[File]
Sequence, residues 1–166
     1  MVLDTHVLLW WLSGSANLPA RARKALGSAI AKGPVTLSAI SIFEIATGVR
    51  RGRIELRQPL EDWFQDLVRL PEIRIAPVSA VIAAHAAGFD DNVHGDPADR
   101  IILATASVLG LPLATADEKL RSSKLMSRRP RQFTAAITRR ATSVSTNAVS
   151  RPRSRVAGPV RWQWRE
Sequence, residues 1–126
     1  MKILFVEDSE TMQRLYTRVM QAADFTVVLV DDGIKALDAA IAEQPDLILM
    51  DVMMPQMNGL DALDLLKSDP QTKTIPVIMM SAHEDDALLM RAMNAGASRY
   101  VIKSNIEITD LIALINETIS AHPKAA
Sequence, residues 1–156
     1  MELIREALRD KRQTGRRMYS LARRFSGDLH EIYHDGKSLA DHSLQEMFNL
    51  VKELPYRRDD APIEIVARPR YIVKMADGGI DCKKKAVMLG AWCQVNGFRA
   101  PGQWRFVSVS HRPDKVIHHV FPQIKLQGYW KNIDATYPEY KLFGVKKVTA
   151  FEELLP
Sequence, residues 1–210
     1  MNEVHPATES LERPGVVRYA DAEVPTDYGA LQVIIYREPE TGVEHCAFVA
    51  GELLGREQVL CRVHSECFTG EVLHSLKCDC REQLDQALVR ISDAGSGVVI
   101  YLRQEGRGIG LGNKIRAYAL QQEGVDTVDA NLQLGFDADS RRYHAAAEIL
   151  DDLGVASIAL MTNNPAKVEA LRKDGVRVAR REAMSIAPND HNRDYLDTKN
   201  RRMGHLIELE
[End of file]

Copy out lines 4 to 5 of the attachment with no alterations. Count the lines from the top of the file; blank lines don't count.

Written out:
   101  IILATASVLG LPLATADEKL RSSKLMSRRP RQFTAAITRR ATSVSTNAVS
   151  RPRSRVAGPV RWQWRE